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  • Fantasy Basho

Haru 2024 Day Six




Public League Leaderboard

Scores from Fantasizr.


Yusho Arasoi

6 Wins

19 Maegashira #5 West Onosato

42 Maegashira #17 East Takerufuji


5 Wins

08 Komusubi East Abi

32 Maegashira #12 East Shonannoumi


Notable Maneuvers

Uwatenage. Asanoyama had his preferred grip on Atamifuji, and he got the young star going backwards. But Atamifuji kept his feet inside, kept moving, and found the space to throw Asanoyama over for the win.


Match of the Day

29 Maegashira #10 West Mitakeumi versus 25 Maegashira #8 West Takayasu

As sekitori near the end of their career, they look the same entering the ring, but totally different once the match starts. They are a step slower on the tachiai, don't have their previous strength, and are a little less willing to try something spectacular. Yet they do have their veteran instincts and their pride. In this battle of former Ozeki, Mitakeumi and Takayasu collided a few times, re-engaged, went around the ring, and both seemed to want to never give up. Over a minute and forty seconds, they went toe-to-toe in their current states. In the end, Mitakeumi held out and got the push out win, but it's a credit to both of them.


Recap

Terunofuji lost. Again. To another Maegashira. This time he barely put up any resistance to Takanosho, who wasn't exactly steamrolling the competition so far this basho. He was behind from the first step, got stood up, and couldn't turn the match around. With three straight kinboshi, four losses total, and an inability to use his strength, Terunofuji needs to leave this Basho. He would be a surprise to make it to Day Seven.


In happier news, the Yusho Arasoi features two undefeated rikishi, Onosato and Takerufuji, and two one loss rikishi, Abi and Shonannoumi. There are no Ozeki or even Sekiwake among them. There are three Ozeki and one Sekiwake at 4-2, but there are twelve rikishi total on that record. The Yokozuna is likely out, and the Ozeki now have an uphill climb to the Emperor's Cup. Hoshoryu could have been at 5-1, but Tobizaru bottled him up in an odd reversal of expectations. Kotonowaka at least drew Abi back by holding his ground.


So who are the leaders? Two former Amateur standouts who have been wildly impressive in their short professional careers. Takerufuji is in his debut Makuuchi tournament, and all he's done is steamroll all the lower-Maegashira he's been given. He is a stablemate of Terunofuji (and most other -fuji's) at Isegahama. He made his professional debut in November 2022 in Jonokuchi and gone 62-8 so far. He'll receive a serious test on Day Seven when he gets 5-1 Shonannoumi, who is big, smart, and on a hot streak.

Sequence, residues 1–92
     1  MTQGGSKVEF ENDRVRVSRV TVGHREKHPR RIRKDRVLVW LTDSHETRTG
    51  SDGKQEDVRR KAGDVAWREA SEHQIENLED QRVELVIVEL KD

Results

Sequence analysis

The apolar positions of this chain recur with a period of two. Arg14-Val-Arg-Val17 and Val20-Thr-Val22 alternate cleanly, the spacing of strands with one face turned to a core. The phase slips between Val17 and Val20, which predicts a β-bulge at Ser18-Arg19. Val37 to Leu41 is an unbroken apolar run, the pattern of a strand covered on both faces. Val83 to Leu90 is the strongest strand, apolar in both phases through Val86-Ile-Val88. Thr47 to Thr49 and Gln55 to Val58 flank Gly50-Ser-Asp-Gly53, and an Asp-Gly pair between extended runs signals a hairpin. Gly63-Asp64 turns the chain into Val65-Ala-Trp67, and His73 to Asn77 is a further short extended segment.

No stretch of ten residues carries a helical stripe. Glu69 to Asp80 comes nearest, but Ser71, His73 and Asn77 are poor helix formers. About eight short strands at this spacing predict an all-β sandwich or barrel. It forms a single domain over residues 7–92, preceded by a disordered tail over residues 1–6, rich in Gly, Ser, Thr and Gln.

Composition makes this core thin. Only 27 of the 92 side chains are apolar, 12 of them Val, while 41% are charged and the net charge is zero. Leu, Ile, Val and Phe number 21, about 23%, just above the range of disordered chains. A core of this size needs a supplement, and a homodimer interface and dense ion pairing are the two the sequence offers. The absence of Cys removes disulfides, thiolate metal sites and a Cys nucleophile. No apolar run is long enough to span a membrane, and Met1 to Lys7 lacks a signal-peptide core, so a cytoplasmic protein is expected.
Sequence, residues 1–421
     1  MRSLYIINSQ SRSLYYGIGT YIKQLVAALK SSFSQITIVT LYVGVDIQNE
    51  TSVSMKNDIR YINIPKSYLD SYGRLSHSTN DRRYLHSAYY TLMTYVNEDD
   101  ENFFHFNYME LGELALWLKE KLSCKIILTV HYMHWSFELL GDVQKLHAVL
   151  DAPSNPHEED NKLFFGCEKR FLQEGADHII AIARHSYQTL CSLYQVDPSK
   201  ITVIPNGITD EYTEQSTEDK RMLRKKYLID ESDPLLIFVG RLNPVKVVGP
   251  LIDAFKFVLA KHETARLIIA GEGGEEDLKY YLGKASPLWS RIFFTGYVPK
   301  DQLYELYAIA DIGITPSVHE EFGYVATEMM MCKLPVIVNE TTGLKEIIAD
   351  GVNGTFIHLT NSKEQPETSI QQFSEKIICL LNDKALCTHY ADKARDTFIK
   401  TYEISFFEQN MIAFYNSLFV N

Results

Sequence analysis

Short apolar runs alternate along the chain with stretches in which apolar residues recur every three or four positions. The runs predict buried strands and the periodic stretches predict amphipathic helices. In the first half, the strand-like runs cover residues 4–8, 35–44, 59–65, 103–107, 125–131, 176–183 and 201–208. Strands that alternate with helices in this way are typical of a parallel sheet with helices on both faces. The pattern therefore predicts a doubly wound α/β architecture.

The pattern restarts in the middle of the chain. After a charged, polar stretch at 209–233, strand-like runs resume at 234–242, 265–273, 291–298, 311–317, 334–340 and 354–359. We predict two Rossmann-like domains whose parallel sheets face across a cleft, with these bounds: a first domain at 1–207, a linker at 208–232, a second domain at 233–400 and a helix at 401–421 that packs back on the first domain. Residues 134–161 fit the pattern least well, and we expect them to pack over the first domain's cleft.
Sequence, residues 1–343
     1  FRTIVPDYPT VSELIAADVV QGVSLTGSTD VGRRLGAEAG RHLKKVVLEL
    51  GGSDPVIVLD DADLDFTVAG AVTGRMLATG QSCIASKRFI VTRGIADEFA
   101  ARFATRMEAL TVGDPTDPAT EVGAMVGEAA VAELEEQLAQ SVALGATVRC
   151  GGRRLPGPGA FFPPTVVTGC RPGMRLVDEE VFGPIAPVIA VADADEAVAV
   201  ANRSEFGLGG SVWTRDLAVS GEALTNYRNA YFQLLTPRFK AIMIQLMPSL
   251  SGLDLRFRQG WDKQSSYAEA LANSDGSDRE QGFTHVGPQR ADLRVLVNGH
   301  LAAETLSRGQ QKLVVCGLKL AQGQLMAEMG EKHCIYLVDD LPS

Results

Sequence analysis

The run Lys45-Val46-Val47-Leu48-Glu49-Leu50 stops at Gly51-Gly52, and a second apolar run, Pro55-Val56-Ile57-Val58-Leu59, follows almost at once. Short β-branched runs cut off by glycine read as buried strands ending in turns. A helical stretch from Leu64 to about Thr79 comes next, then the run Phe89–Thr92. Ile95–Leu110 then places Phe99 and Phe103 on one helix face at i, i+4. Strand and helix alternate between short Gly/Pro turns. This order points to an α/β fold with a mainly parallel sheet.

Joining Takerufuji at the top of the Leaderboard is Onosato. No one was more decorated as an amateur than Onosato, and he shone last basho with an 11 win Makuuchi debut. Unlike Takerufuji, he has ideal size for a star rikishi. Like his co-leader, he goes straight at opponents with brute force but can take on a match with some skill if need be. At Maegashira #5, he is likely to see tougher opponents more quickly, although he gets 4-2 Maegashira #8 East Onosho on Day Seven. He's looming for the Ozeki if they can stay in shouting distance, and that might be the best way to think about it given his performance.


The only doubts about Onosato and Takerufuji's ultimate ceilings before the basho were about their ages. Onosato is 23 and Takerufuji is 25 just after the basho. They are closer to their prime than other impressive youngsters who have been 19, 20, or 21. But right now they are fighting like the best in sumo. They could be knocking on the door of Sanyaku sooner rather than later. They could prove if they're capable of it over the next nine days.

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